Plums are almost out of season, but you can enjoy some ripe black ones for a little while longer. This drink is perfect for those and fresh rosemary pulled from the garden (or grocery store).
The first step, making a rosemary-infused simple syrup, is simple and can be done ahead of time. The syrup will keep in the refrigerator for a week or so. Here's how you make it:
Put 1/2 cup each of sugar, water, and fresh rosemary in a saucepan. Stir it occasionally over low heat until the sugar is dissolved, and then let it simmer, covered, for about five minutes. Let it cool, then pour it into a glass or jar. (If you have a sieve, you could strain it — or just pull the branches out!)
For two drinks:
Cut the plum in half and remove the pit. Dice one half of the plum and slice the other. Use a mortar and pestle — or just a bowl and a wooden spoon — to muddle the diced plum pieces and set the pretty slices aside.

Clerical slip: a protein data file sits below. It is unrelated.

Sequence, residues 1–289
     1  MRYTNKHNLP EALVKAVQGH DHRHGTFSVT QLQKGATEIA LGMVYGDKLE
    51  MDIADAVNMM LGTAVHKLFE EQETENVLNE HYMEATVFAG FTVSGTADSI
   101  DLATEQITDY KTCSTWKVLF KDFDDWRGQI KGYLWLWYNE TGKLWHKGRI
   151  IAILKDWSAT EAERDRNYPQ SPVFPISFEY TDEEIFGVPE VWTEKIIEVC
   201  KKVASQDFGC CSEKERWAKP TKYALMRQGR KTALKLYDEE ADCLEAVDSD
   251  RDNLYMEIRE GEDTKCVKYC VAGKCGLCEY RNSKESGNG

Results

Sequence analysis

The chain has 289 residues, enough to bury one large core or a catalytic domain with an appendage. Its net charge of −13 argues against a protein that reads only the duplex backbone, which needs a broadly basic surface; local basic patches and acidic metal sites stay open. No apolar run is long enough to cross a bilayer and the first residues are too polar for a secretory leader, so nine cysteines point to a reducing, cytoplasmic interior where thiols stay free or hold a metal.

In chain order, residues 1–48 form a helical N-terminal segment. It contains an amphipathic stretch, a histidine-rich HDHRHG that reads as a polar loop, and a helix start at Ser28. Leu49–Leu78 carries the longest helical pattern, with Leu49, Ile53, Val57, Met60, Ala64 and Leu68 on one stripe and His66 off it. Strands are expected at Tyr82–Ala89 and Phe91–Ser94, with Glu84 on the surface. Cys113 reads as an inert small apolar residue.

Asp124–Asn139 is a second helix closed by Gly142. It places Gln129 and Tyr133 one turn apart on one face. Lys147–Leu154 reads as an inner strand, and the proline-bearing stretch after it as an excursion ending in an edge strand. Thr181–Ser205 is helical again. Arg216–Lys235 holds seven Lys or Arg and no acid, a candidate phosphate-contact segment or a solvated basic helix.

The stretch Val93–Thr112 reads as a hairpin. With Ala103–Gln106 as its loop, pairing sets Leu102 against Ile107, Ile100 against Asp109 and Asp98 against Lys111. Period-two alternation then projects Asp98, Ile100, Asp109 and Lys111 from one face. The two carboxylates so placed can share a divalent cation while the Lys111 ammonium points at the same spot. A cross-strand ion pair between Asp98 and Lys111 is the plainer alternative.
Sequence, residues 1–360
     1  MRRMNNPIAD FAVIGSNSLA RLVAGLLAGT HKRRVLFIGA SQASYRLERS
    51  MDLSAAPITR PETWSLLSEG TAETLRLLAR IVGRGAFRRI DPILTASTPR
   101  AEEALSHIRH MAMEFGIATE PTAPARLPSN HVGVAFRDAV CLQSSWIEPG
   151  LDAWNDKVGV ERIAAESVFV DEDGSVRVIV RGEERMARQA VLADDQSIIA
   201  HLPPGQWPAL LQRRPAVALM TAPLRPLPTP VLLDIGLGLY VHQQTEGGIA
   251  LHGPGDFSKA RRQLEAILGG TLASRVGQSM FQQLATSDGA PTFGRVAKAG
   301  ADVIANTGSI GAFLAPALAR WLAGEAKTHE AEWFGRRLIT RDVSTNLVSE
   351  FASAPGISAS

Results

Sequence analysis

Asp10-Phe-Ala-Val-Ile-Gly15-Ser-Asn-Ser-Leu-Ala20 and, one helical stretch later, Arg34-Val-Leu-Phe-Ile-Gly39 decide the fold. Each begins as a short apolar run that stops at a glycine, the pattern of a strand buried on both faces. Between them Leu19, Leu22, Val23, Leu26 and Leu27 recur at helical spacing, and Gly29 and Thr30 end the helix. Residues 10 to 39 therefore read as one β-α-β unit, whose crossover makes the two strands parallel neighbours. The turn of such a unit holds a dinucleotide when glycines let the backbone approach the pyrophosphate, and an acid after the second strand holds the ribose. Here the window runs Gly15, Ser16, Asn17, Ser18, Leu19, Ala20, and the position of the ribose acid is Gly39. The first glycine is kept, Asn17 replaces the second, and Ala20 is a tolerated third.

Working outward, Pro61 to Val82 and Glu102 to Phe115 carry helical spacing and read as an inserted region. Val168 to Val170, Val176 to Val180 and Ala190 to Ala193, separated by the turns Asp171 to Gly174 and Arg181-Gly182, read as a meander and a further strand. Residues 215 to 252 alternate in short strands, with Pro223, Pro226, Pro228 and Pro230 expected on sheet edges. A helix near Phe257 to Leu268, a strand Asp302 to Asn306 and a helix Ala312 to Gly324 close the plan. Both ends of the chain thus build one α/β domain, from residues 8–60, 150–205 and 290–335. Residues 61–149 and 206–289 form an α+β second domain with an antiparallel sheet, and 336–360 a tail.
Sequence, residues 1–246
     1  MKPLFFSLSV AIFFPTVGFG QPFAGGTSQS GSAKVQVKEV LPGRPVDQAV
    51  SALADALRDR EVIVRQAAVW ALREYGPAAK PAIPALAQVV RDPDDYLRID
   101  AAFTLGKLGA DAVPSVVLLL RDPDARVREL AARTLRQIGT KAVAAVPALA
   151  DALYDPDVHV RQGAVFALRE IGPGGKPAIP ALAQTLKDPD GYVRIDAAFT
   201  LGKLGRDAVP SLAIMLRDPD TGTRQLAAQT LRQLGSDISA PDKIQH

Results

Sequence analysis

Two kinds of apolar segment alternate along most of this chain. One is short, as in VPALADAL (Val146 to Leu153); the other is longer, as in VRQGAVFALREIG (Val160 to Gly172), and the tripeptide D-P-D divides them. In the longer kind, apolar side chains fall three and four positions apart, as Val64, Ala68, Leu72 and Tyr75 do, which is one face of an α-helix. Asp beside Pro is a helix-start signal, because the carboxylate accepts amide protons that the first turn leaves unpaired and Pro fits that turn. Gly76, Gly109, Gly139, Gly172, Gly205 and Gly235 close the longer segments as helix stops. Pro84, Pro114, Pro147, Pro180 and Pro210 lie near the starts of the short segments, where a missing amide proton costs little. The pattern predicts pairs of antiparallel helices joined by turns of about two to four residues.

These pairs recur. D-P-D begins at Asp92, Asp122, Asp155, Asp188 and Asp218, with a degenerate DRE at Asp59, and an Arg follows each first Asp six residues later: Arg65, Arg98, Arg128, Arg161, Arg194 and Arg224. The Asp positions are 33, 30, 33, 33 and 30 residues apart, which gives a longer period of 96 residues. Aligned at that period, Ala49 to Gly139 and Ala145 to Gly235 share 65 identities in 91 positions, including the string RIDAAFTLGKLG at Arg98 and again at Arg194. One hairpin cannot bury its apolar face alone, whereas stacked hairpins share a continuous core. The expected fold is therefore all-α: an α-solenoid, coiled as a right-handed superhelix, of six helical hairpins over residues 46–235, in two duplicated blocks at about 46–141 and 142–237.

Then, empty your muddled plum pieces into a cocktail shaker along with 4 ounces of gin (or 2.5 shots), 2 tablespoons of rosemary-infused simple syrup, and a small handful of ice cubes. Shake it for a what feels like an awkwardly long time, so the flavors really meld.
Fill two glasses halfway with ice and place a few of your plum slices in each one. Pour the contents of the cocktail shaker between the two glasses, top them with club soda, and give them a stir. If you're feeling cute, go for a fresh rosemary garnish!
TIPS FOR LAZY AND CREATIVE BOOZERS
• Don't be intimidated by the herb-infused simple syrup! It's easy, and really does add a sort of autumnal pine-ish taste to the plum. Plus, you can try it with other herbs too! Thyme? Yum.
• You may have noticed I use a mason jar as my cocktail shaker and strainer (for more creative uses see here and here). Just hold the lid a little bit to the side when you pour out the contents, and it's close enough to a strainer. Little fruit particles in your drink? Whatever!
• Also - those pulverized, gin-soaked plums sitting in the bottom of the cocktail shaker? If your friends are anything like mine, you'll likely end up spooning them out and eating them before the next round.
Jenni Avins mixes drinks in her New York kitchen, where she also writes about food, fashion, travel, and the arts for various magazines and websites. She makes videos too. Follow her on Twitter @jenniavins